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eMedicine is an online clinical medical knowledge base that was founded in 1996 by two medical doctors, Scott Plantz and Richard Lavely. The website is searchable by keyword and consists of approximately 6,800 articles, each of which is associated with one of 62 clinical subspecialty textbooks. Pediatrics, for example, consists of 14 subspecialty textbooks (endocrinology, genetics, cardiology, pulmonology, etc.). For example, 750 articles comprise the textbook on emergency medicine. Each article is authored by board certified specialists in the subspecialty to which the article belongs. The article's authors are identified with their current faculty appointments. Each article is updated yearly and the date is published on the article.
The site is free to use, requiring only registration. More than 10,000 contributors from several countries participated in the creation of the articles. It is operated as an e-book, the articles can be downloaded into a palm top device.
It was originally conceived in 1996 as an emergency medicine textbook but its content has expanded considerably since then to include allergy and immunology, cardiology, clinical procedures, critical care, dermatology, emergency medicine, endocrinology, gastroenterology. genomic medicine, hematology, infectious diseases, nephrology, neurology, obstetrics/gynecology, oncology, pathology, perioperative care, physical medicine and rehabilitation, psychiatry, pulmonology, radiology, rheumatology, and sports medicine. Surgical subspecialties include neurosurgery, ophthalmology, orthopedic surgery, (ENT) and facial plastic surgery, plastic surgery, thoracic surgery, transplantation, Trauma, urology, and vascular surgery. It is web-based.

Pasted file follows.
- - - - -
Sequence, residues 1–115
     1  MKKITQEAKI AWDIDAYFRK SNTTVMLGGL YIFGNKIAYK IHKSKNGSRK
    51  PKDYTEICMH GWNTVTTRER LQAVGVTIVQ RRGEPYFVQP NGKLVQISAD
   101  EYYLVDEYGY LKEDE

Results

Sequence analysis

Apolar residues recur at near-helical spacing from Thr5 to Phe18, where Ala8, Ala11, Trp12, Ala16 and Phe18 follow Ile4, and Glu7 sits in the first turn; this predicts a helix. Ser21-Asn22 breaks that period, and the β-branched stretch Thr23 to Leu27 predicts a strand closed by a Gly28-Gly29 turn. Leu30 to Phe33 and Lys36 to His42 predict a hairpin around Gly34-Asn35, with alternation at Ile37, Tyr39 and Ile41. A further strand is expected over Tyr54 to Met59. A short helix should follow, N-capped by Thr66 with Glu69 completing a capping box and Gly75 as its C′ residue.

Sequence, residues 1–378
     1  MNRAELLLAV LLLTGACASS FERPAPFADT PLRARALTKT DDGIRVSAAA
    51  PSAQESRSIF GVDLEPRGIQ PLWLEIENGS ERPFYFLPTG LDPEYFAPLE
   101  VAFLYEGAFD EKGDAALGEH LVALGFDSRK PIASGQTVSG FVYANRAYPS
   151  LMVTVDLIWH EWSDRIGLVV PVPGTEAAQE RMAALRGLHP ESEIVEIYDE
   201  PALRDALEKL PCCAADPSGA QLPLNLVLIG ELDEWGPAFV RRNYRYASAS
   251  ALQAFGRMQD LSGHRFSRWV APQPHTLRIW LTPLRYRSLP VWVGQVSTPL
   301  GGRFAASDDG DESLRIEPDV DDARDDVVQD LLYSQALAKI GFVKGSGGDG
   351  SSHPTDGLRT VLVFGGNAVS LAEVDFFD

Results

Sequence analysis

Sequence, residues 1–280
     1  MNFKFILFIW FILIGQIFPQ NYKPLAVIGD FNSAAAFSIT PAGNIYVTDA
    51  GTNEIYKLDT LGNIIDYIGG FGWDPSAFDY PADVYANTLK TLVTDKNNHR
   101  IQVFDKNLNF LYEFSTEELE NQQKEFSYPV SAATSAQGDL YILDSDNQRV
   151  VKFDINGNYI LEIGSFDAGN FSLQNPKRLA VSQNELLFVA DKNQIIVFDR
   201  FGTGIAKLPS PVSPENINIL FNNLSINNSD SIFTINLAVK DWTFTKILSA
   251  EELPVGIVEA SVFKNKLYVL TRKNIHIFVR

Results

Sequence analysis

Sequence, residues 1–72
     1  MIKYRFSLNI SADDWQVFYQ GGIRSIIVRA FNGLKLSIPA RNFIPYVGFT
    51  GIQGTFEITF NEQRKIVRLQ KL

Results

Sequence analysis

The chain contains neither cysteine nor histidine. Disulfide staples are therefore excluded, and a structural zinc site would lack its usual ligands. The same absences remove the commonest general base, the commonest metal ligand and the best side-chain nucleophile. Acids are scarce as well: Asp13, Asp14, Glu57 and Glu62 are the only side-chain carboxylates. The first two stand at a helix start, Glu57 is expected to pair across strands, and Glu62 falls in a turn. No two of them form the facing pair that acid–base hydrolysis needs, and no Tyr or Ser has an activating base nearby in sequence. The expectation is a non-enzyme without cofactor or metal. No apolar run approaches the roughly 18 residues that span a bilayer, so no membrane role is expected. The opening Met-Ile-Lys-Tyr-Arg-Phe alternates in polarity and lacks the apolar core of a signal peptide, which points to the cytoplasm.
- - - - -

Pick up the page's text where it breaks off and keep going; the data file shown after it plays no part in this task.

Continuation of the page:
In 2012 Volsky et al, evaluated the most frequently used internet information source by the public on the basis of (1) identify the three most frequently referenced Internet sources; (2) compare the content accuracy and (3) ascertain user-friendliness of each site; (4) inform practitioners and patients of the quality of available information. They found Wikipedia, eMedicine, and NLM/NIH MedlinePlus were the most referenced sources. For content accuracy, eMedicine scored highest (84%; p<0.05) over MedlinePlus (49%) and Wikipedia (46%). The highest incidence of errors and omissions per article was found in Wikipedia (0.98±0.19), twice more than eMedicine (0.42±0.19; p<0.05). Errors were similar between MedlinePlus and both eMedicine and Wikipedia. On ratings for user interface, which incorporated Flesch-Kinkaid Reading Level and Flesch Reading Ease, MedlinePlus was the most user-friendly (4.3±0.29). This was nearly twice that of eMedicine (2.4±0.26) and slightly greater than Wikipedia (3.7±0.3). All differences were significant (p<0.05). There were 7 topics for which articles were not available on MedlinePlus. They concluded "Knowledge of the quality of available information on the Internet improves pediatric otolaryngologists' ability to counsel parents. The top web search results for pediatric otolaryngology diagnoses are Wikipedia, MedlinePlus, and eMedicine. Online information varies in quality, with a 46-84% concordance with current textbooks. eMedicine has the most accurate, comprehensive content and fewest errors, but is more challenging to read and navigate. Both Wikipedia and MedlinePlus have lower content accuracy and more errors, however MedlinePlus is simplest of all to read, at a 9th Grade level.